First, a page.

Fearing another bloodbath in Monrovia, the international community pressured the United States to intervene in the conflict. The French had responded to the White Man’s Burden in Côte d’Ivoire. The British had taken up the White Man’s Burden in Sierra Leone. The argument was made at the time that Liberia was an American responsibility in light of our strong ties to “The (Black) Land of the Free.”
In 2003, President George W. Bush intervened in the Second Liberian Civil War – the man who was accused of “hating black people” by Al Sharpton and the NAACP after Hurricane Katrina – and dispatched the USS Kearsarge to the coast of Liberia. The threat of American intervention forced Charles Taylor to surrender power and go into exile in Nigeria.
Bush doesn’t hesitate to point out the irony in his Decision Points memoir:
“But the suggestion that I was a racist because of the response to Katrina represented an all-time low. I told Laura at the time that it was the worst moment of my presidency. I feel the same way today …
On Sunday of that week, Day Fourteen, I made my third visit to the Gulf Coast. I choppened onto the USS Iwo Jima, which had docked in the Mississippi River. Two years earlier, I had deployed the Iwo Jima to free Liberia from the dictator Charles Taylor.”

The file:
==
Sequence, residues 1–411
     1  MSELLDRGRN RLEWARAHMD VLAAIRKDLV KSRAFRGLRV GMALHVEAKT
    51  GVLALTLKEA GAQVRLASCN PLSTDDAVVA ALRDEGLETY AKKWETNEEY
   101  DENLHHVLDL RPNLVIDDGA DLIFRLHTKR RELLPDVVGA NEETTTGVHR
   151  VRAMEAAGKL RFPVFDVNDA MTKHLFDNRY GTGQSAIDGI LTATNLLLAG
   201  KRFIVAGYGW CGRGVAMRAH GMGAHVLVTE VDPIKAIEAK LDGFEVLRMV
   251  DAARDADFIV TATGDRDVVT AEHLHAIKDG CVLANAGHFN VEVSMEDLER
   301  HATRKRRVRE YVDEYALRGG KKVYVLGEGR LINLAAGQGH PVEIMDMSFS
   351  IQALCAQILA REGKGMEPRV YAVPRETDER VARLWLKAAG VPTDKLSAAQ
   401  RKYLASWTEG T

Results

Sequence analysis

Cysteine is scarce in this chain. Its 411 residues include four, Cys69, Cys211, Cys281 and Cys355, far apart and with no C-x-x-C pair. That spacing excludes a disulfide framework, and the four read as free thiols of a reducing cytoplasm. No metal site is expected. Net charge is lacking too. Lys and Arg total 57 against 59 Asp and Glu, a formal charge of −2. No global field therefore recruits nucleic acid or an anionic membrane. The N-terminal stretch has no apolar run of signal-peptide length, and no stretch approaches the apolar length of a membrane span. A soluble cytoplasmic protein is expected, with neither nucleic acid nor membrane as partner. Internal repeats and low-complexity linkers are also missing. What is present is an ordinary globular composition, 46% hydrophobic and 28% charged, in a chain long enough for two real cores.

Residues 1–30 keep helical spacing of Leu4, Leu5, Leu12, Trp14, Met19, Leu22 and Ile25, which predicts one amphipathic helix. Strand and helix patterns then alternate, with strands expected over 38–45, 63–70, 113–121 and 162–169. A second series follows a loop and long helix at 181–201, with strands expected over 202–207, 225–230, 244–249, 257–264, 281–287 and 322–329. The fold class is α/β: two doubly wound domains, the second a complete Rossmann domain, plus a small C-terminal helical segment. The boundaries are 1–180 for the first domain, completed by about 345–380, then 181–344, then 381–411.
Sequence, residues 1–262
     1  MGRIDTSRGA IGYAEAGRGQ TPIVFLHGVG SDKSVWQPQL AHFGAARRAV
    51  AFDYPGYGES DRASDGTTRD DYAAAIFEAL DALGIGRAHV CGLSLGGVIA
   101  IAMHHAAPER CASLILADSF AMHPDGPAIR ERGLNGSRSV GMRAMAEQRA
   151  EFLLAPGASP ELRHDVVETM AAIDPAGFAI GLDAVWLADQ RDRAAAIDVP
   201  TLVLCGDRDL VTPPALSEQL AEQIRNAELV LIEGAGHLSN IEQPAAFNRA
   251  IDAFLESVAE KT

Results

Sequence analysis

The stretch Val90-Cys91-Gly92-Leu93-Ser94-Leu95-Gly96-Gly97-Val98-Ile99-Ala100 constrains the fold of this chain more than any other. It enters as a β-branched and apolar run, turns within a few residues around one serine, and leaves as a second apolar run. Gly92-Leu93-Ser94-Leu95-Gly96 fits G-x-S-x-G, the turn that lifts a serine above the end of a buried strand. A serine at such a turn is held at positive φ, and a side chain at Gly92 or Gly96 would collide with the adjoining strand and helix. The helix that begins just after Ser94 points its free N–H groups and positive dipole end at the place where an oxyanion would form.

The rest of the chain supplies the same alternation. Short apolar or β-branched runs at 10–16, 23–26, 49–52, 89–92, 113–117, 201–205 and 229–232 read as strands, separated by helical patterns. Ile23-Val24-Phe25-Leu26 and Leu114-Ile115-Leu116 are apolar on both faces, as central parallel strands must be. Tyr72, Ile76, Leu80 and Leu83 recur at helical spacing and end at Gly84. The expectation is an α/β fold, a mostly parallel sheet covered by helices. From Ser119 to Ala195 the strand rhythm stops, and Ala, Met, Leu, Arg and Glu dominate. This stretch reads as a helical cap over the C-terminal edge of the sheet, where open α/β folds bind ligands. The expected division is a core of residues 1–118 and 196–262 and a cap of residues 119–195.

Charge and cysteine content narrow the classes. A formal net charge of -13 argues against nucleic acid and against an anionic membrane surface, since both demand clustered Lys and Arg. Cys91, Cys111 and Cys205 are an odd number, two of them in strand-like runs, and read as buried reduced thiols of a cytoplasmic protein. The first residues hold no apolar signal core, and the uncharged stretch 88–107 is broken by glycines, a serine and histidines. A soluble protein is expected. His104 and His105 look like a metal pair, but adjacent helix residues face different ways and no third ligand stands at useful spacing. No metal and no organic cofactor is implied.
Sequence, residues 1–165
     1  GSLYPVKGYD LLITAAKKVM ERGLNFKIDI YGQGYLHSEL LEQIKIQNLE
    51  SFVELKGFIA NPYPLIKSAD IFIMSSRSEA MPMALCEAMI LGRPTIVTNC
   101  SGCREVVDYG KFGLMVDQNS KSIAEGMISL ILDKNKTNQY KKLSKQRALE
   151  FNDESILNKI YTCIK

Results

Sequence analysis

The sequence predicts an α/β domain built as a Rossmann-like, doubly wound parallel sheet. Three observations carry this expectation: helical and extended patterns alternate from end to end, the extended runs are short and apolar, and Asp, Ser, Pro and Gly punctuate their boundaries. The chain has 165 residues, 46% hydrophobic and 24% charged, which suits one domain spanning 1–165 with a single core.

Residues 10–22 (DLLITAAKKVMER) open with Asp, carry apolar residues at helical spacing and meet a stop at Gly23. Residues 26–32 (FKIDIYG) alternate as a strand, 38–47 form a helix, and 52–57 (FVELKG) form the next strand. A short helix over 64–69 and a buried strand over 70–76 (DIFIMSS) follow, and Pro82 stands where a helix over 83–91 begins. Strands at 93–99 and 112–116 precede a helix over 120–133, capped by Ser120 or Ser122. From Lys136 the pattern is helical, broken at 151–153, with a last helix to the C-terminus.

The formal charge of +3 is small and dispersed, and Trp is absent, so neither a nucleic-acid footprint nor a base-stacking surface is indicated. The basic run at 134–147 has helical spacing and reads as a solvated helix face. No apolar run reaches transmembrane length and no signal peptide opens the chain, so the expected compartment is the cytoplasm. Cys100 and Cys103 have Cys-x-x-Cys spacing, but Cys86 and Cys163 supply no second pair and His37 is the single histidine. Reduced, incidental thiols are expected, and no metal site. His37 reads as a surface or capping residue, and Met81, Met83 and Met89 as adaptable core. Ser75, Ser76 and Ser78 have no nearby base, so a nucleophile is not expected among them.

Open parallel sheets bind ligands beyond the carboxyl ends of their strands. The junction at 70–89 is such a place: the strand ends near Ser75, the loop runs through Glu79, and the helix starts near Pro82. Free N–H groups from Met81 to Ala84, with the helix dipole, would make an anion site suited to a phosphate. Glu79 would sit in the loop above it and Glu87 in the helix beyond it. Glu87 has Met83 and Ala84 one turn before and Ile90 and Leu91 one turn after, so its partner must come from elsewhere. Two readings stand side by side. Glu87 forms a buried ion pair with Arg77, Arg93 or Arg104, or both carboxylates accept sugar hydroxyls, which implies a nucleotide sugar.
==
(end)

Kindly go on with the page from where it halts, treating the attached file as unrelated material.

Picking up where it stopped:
George W. Bush was telling the truth: Bush really had freed Liberia from an evil African-American dictator, a man who was despised by his own people, and he was hailed in Liberia as a liberator in the way that the neocons had falsely presumed he would be in Iraq.
Freedom failed in Liberia … the U.S. intervention in 2003 quietly marked the end of “The (Black) Land of the Free.” After 220,000 Liberians and 50,000 Sierra Leoneans had lost their lives in senseless fighting between rival warlords, the U.S. was finally moved to shoulder the White Man’s Burden in West Africa.
Liberia has effectively become a U.S. colony since the 2003 intervention. From 2004 to 2006 alone, the U.S. poured $1.6 billion dollars into Liberia to stabilize and rebuild the country. $172 million was spent on Liberia in 2009. America underwrites the U.N. Mission in Liberia which has flooded the country with thousands of peacekeepers to keep the warlords on a leash.
Last November, Liberia held the freest and fairest elections in its history. Ellen Johnson Sirleaf was reelected President of Liberia, but tellingly Prince Johnson (the man who sipped the Budweiser while torturing Samuel K. Doe) won third place with 12 percent of the vote.
In light of what happened in Liberia, Don Cheadle and Chris Rock should take advantage of Black History Month 2012 to reflect more carefully upon the history of African-Americans in power before yearning to see Obama go “full gangsta” in his second term.
No one was more “gangsta” than Charles Taylor.
Note: The civil war in Sierra Leone which was started by Charles Taylor and escalated into a regional war between Liberia, Sierra Leone, and Guinea will be dealt with in the review of “Blood Diamond.”